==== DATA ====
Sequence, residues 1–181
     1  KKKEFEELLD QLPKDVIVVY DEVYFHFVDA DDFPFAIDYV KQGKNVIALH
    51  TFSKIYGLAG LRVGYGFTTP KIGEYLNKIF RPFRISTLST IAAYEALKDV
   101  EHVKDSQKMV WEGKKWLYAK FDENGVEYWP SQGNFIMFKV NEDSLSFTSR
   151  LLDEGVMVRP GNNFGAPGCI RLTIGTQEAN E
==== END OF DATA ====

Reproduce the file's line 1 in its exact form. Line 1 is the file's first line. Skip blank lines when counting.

Sequence, residues 1–181